The Parliament consist of two chambers: The Assembly of People’s Representatives and the Legislative Assembly.


Justice is administered by the Constitutional Court, the Supreme Court, the Higher Arbitration Court, and a system of local courts.


Allocations for the reserve funds cannot exceed one percent of total budgetary allocations.


Over 1000 amendments have been made since 1996.


Refunding VAT was stopped in September 2000 because the refund mechanism that had just come into effect in May had apparently resulted in large-scale frauds. Some amendments were introduced in the Tax Code in November 2000 to render the refund procedure less prone to fraud. VAT refunding has resumed in 2001.


A stocktaking exercise of all ongoing investment projects has recently been undertaken in order to prioritize these projects and developing regulations to improve the prioritization of new projects.


Such offsets have been eliminated at the central government level but still exist at the local government level. In 2001, such offsets have been estimated at 2 percent of revenues.


Only about one third of university revenues, for example, are accounted for by budgetary financing. The bulk of the financing is provided through tuition fees.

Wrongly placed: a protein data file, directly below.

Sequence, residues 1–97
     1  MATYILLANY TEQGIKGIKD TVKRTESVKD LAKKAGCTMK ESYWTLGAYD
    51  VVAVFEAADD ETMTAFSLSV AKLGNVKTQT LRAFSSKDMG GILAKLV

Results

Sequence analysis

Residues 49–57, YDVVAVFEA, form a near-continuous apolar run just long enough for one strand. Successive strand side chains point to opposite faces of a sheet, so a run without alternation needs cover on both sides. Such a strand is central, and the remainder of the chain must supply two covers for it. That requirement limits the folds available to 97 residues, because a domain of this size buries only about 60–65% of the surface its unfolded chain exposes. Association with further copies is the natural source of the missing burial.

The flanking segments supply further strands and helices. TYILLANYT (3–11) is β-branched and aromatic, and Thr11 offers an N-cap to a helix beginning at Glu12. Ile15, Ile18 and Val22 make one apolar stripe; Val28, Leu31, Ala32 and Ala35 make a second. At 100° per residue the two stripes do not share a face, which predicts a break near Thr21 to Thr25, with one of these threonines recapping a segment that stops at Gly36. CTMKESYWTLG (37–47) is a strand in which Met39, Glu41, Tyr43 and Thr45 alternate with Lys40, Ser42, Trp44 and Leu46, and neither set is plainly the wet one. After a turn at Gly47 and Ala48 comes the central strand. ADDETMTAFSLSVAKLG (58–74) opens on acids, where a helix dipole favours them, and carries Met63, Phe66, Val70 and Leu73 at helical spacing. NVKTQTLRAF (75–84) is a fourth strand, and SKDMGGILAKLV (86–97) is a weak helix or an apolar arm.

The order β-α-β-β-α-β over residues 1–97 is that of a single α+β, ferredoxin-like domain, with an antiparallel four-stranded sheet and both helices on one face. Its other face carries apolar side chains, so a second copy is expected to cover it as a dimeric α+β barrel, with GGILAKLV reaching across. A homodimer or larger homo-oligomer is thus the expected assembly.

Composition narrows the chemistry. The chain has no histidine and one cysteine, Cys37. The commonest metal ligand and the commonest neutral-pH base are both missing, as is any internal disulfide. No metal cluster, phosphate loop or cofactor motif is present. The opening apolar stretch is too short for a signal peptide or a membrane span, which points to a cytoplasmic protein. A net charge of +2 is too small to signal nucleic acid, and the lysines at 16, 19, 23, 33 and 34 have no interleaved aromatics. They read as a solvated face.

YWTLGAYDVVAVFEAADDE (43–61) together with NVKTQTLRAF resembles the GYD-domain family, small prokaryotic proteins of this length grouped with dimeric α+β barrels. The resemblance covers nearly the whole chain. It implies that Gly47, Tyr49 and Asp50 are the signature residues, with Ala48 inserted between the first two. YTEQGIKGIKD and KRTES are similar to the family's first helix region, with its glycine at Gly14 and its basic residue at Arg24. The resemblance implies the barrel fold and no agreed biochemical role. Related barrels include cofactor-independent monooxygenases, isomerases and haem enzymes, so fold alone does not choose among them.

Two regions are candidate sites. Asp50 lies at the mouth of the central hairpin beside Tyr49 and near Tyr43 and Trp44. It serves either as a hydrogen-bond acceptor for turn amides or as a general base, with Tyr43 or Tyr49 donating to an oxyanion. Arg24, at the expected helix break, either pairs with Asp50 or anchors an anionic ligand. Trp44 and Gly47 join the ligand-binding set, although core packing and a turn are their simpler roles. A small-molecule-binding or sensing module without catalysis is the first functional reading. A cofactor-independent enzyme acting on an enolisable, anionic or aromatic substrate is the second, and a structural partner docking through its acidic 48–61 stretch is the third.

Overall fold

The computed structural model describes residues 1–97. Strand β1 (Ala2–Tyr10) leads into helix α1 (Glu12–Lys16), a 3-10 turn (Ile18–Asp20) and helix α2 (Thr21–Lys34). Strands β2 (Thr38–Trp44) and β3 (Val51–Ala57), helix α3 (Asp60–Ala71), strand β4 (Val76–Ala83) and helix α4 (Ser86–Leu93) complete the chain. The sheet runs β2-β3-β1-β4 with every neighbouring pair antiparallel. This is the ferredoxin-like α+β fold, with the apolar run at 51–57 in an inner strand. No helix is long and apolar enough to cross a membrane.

For example, the customs administration.


The Chamber of Accounts was established in 1996 (Law of the Chamber of Accounts). There was also a Government Commission on Financial Control, which was merged with the Chamber of Accounts in 2000.


The Law on Statistics (1994).


The MOF is considering to establish a MOF web site. This web site should be used for this purpose.


Including loans to enterprises, student loans, housing loans.


The booklet “Kyrgyzstan 2001: Investment in the New Millennium,” published by the State Committee of the Kyrgyz Republic on Foreign Investments and Economic Development in December 2000, is a step in the right direction.

Kyrgyz Republic: Report on the Observance of Standards and Codes-Fiscal Transparency Module
Author: International Monetary Fund